Idea & Concept Development

2-40 people

The Ideation and Concept Development process enables groups to work together creatively and collaboratively to generate innovative ideas. This approach is versatile and can be tailored to various situations. It involves fundamental principles for idea generation and multiple stages for group collaboration. Additionally, it encompasses steps for selecting and developing ideas.

Workshop steps


Divide participants into groups of 4-6 members. Explain the goal of the ideation exercise, which will vary based on your specific situation. It might be a session to explore and develop ideation techniques, or a results-focused workshop aimed at generating fresh ideas. Regardless, start with an introduction to establish the context. The Double Diamond Model


Present Ideation Principles: Start with a brief overview of the key principles for successful ideation. These are easy-to-follow guidelines that encourage creativity, diverse thinking, and a large number of ideas during the initial ideation phase. Embrace "Yes, and..." Build upon others' ideas by saying "yes!" and expanding on their thoughts. Actively listen for chances to develop and elaborate. Aim for Quantity In the first stage, focus on generating as many ideas as possible, rather than trying to come up with only "good" ideas. Let all ideas flow freely. Delay Judgment Hold back your inner critic and avoid evaluating ideas as they emerge. All ideas are welcome, and the time for assessment will come later. Teamwork Matters Ensure that every team member is involved and has the opportunity to contribute their ideas. Make room for everyone's input.


Introduce the main question: Now, present the question that teams will brainstorm about. In certain situations, teams might create their own questions. In other cases, there might be a central question for all teams to tackle. Ensure that "the main question" is open, straightforward, and captivating, aiming to solve an urgent issue or requirement.


Idea Generation Tools: Start by clearly defining the question or questions for your team. Then, use one or more idea generation techniques to help them brainstorm. 1. Association: In teams, use random words or images to spark ideas. Pick a random word or image, brainstorm ideas related to it for two minutes, then choose a new one and repeat. 2. Negative Brainstorming: Turn the main question into its negative form and brainstorm ideas around it. For example, how could you create the world's worst Toolbox? After generating negative ideas, see what happens when you reverse them. 3. Think Like a Brand: Approach the focus question as if you were a well-known company or organization, such as Google, Nike, a Kickstarter project, the United Nations, a local government, or Ikea. 4. User Perspective: Consider the focus question from the viewpoint of specific users. How would it look for a 15-year-old boy? For your grandmother? And so on. 5. Mash-up: Use the "Mash-up approach" by listing technologies and things related to your focus question. Then, combine different elements and see what new ideas emerge.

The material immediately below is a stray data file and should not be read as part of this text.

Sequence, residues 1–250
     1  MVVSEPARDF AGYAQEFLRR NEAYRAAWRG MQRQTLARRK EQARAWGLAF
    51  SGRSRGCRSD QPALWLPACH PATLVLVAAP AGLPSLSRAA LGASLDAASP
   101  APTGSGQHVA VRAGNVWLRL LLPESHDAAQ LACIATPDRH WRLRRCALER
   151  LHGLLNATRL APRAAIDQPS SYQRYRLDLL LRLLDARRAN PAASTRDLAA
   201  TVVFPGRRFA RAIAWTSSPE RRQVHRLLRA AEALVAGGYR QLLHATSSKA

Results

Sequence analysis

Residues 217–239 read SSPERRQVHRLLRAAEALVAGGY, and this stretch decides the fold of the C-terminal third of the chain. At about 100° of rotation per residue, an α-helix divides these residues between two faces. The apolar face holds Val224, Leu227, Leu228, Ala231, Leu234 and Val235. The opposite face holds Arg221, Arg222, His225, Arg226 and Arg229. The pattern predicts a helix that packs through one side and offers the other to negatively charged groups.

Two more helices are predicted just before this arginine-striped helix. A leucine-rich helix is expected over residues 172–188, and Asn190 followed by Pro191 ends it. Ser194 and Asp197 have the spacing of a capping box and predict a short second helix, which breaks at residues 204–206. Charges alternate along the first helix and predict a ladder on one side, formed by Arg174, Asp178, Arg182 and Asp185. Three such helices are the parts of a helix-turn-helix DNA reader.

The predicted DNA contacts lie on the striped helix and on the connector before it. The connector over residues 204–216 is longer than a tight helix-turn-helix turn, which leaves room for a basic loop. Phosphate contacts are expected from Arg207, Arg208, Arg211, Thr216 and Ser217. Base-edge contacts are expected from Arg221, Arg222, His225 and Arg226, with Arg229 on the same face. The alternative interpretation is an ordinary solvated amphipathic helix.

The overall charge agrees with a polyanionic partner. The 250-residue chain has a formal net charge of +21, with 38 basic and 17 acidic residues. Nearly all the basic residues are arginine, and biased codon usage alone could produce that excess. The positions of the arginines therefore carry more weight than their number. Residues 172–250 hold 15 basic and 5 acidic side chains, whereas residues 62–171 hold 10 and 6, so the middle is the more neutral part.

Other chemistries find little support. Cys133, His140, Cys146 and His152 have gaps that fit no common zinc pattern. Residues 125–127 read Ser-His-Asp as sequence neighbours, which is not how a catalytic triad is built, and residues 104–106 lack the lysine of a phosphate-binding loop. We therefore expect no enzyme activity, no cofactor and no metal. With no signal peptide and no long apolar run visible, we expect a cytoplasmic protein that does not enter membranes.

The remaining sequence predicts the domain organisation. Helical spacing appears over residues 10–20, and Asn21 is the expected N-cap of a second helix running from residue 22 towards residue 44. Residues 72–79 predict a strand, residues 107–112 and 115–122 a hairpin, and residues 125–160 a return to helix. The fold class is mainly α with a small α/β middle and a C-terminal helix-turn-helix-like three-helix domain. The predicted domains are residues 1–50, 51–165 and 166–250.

Brainstorm! Allocate a specific time for teams to generate ideas using one or more of the introduced tools. Ensure the duration is long enough for a creative flow, but short enough to maintain a sense of urgency.


Group & Simplify: Following the brainstorming stage, instruct teams to categorize and arrange their concepts. This includes combining related themes and alike ideas. They must eliminate repetitions and assign a name to each group.


Choose Ideas: After teams have grouped and arranged their thoughts, instruct them to pick one or multiple ideas to proceed with. Offer a list of selection guidelines or let teams create their own. For instance: choose ideas based on relevance, feasibility, and newsworthiness. Once the criteria are established, use a quick method like Dotmocracy for selection, where each participant gets a specific number of dots to allocate to the ideas presented. The ideas with the most dots will have the highest group approval.


Take action! The last step involves expanding on the most promising idea discovered in the previous step. Participants should dive deeper into the concept, examining its functionality, feasibility, business model, and other details. This can be accomplished within the same session or in a separate, longer session.

Need help with this workshop?

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Anna Lundqvist
UX Designer and AI Ethics Strategist guiding innovative product development and educational workshops
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Eddy Salzmann
Design lead and team culture enthusiast driving products and design processes
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Ola Möller
Founder of MethodKit who has a passion for organisations and seeing the big picture
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